United States Dvořák, Orff: Rachel Hall (soprano), Alfred E. Sturgis (tenor), Micael Roemer (baritone), Canton Symphony Chorus, Summit Choral Society, Malone University Chamber Choir, Neos Dance Theater, Canton Symphony Orchestra / Gerhardt Zimmermann (conductor), Umstattd Performing Arts Hall, Canton, OH, 21.4.2018. (TW)
Dvořák – Serenade for Winds in D minor (1878)
Orff – Carmina Burana (1936)
Thanks to all the pre-publicity surrounding this season-ending performance from the Canton Symphony Orchestra, there wasn’t an empty seat in Umstattd Performing Arts Hall on April 21. We were promised a musical feast of epic proportions, to be served piping-hot by 86 musicians, combined choirs of more than 100 voices, three vocal soloists, and a modern dance troupe. So patrons arrived hungry.
Just a few days before, a local newspaper article about the concert quoted CSO Music Director Gerhardt Zimmermann about Orff’s Carmina Burana, ‘It’s 100 percent a crowd-pleaser. It’s probably the most performed 20th-century choral work ever.’ Composed in 1936, Orff’s monumental opus is still exceptionally popular.
An opulent repast like this merits spicy hors d’oeuvres. The CSO obliged with a curious dish: Dvořák’s Serenade for Winds, composed in 1878.
It’s ‘curious’ only because compared to the sheer heft of the main course, the Dvořák is decidedly more modest fare. Still, this teasing morsel let the audience taste the always remarkable technical and interpretive skills of the group’s musicians. Full of what the composer called ‘Mozart’s sunshine’, the geniality was exquisitely articulated by the small ensemble. Pairs of oboes, clarinets, bassoons, and horns all engaged in a frolicsome march over the steady lyricism streaming from the strings—a delectable few minutes of breezy air and warm light, and a calm prelude to the ferocity that followed.
While Carmina is not an opera in the traditional sense, it is gripping in its dramatic thrust. Call it epicurean theatre of the flesh. The texts — most in Latin, with a few in Low German — were drawn from 24 medieval poems penned by a rogue group of Bavarian monks, defrocked priests, and itinerant scholars. Disillusioned with the rigid social and religious conventions of their day, they dedicated themselves to self-indulgent pursuits of worldly pleasures.
Orff’s score is somewhat spartan in the way it eschews complex orchestral harmonies, favoring instead plain but memorable melodies. Their syllabic simplicity is combined with relentless rhythmic patterns, all superbly rendered here with glittering immediacy, the powerful instrumentation augmented by two grand pianos and seven percussionists.
The narrative potency of this wild cantata rests in the declamatory choral singing. Here, it was delivered with electrifying precision and fervor by the Canton Symphony Chorus, the Malone University Chamber Choir, and the youth chorus from Summit Choral Society.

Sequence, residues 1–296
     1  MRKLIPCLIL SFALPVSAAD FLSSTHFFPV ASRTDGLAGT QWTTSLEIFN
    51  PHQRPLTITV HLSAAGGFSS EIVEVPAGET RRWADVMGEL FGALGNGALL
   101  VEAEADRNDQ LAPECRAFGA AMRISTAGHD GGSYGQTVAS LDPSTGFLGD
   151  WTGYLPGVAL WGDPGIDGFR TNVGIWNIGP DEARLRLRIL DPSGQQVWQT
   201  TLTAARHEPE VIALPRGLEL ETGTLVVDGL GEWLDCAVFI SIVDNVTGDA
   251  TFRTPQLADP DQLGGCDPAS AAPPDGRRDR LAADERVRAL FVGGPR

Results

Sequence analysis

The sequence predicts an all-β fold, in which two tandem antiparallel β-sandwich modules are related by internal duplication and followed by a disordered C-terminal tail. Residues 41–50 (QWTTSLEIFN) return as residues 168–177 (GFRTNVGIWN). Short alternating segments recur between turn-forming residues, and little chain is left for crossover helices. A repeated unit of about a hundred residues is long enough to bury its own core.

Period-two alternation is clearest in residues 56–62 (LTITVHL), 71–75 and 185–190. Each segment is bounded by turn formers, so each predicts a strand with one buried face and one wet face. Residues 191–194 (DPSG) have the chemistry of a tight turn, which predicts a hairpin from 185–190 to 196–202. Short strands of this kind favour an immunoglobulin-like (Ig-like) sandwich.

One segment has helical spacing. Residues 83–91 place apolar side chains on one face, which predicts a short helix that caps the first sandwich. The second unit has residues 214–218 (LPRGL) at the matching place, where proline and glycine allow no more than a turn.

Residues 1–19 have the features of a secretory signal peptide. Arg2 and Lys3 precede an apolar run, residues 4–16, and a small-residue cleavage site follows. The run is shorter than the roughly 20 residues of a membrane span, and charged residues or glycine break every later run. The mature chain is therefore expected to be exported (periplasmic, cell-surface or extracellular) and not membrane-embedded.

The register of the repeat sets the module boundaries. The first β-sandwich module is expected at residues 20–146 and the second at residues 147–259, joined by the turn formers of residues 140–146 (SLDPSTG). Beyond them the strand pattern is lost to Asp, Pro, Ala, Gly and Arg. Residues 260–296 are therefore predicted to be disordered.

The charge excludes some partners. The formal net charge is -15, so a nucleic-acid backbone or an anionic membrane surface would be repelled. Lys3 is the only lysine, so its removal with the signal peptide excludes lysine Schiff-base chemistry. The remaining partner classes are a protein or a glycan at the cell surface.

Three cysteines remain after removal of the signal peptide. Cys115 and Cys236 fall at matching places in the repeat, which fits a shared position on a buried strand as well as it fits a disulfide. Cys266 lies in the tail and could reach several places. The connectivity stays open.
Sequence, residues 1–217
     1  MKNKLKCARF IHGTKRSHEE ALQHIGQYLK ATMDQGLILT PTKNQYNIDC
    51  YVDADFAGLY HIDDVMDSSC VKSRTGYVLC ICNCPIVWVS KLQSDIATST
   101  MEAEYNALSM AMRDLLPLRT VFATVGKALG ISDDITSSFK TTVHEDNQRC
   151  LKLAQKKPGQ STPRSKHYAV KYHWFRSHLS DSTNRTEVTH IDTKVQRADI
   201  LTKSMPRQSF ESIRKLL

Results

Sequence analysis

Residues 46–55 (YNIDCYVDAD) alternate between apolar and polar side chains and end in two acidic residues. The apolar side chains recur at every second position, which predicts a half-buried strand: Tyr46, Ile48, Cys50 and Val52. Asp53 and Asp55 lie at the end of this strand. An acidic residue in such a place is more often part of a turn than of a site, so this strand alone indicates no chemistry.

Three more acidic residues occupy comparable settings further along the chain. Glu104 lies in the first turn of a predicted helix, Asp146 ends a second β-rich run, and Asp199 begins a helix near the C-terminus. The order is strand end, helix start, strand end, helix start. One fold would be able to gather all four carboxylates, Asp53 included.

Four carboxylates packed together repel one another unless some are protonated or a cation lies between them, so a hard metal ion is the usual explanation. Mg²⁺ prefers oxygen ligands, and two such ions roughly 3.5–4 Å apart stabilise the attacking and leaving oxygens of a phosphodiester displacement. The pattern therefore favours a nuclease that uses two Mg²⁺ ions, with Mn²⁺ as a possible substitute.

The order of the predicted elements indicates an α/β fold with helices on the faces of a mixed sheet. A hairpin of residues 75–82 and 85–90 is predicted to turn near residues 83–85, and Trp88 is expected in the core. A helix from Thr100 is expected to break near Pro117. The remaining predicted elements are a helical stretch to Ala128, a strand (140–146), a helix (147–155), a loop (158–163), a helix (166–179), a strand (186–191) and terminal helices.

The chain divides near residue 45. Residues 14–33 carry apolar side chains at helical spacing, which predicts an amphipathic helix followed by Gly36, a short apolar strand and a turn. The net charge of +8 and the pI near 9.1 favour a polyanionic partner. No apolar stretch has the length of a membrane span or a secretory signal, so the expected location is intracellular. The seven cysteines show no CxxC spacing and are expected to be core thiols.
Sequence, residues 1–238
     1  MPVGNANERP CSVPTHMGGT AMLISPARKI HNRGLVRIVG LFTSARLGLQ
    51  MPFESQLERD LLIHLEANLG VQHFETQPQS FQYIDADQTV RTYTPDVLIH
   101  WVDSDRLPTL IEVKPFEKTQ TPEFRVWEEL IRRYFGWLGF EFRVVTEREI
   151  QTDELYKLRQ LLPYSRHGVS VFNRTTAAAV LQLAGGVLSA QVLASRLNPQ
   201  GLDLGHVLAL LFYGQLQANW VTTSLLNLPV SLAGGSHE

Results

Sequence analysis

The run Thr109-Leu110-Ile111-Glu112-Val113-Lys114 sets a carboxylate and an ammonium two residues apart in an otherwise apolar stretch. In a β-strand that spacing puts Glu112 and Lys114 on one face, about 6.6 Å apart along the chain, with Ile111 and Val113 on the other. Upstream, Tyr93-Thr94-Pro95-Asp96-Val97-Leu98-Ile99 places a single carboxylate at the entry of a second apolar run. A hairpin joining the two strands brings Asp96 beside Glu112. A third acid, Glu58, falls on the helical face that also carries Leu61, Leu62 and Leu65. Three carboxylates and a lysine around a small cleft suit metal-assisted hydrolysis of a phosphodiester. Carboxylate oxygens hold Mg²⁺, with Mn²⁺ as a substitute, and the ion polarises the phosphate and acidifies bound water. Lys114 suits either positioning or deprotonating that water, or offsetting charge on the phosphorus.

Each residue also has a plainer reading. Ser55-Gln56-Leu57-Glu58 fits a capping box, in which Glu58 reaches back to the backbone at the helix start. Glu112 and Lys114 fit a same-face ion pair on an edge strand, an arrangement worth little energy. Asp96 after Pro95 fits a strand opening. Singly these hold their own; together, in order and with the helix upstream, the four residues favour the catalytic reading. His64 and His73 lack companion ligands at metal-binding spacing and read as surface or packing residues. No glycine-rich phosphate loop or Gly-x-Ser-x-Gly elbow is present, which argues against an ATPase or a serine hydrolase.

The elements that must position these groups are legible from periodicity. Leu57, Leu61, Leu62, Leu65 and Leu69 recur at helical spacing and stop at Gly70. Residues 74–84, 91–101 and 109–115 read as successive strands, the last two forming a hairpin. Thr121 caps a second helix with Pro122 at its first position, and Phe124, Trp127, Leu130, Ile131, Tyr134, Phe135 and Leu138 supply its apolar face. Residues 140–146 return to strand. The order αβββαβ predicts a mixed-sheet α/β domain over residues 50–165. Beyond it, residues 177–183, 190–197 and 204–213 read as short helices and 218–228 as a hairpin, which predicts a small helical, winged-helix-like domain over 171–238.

Additionally, the three excellent soloists provided savory passages, ranging from unabashed bawdiness to sensual gracefulness. In ‘Once I lived on lakes’, tenor Alfred E. Sturgis sang the anguished complaint of a swan being cooked over a fire pit (‘Miserable me! Now I am blackened and roasting fiercely’). Strutting about in nervous jerks, his words were inflected with funny squeals and squawks until he was stopped, open-mouthed and dead in his tracks, as it were, by a hilarious glower from Zimmermann.
Later, in ‘I am the Abbot of Cockaigne’, baritone Michael Roemer was oddly alluring as he performed with all the pompous, slurred swagger you’d expect from a drunken priest. Later still, in ‘This is a joyful time’, soprano Rachel Hall, accompanied by the youth chorus, was an elegant embodiment of conflicted emotions as she struggled to choose between chastity and physical love. In finally choosing the latter, her voice soared to stratospheric limits: ‘My sweetest one, I give myself to you completely!’
The dancing by ten members of Neos Dance Theater, choreographed by artistic director Bobby Wesner, was alternately lissome, earthy, bestial, and enthralling—like so many sinewy sprites darting about the tiered stage. Their elongated, colored shadows spilled up and out, onto the side walls at the front of the auditorium, evoking ghosts rising in a moonlit forest. At times the group moved like a single, willowy creature; at others like a tribal unit, swaying and writhing to the chanted melodies. Every extension of an arm or a leg, every leap, every facial expression or hand gesture was a riveting punctuation mark. Even the incessant sounds of thumping feet became another vital percussion effect.
Carefully balancing these diverse components — to let them breathe freely, to sustain their individual identities, to integrate them into a palatable whole — must be a daunting endeavor. In this context, Zimmermann made a master chef, keeping all the tasty ingredients from dissolving into a sloppy stew.
Carmina Burana ended as it began, with ‘O Fortuna’, a thunderous howl against the oppressive cycles of ‘monstrous fate’ that entangle human existence. ‘Let us mourn together!’ were the last words from the choir, but it’s doubtful anyone left the concert hall in mourning. Most were likely overjoyed at their good fortune, partaking of a magnificent feast.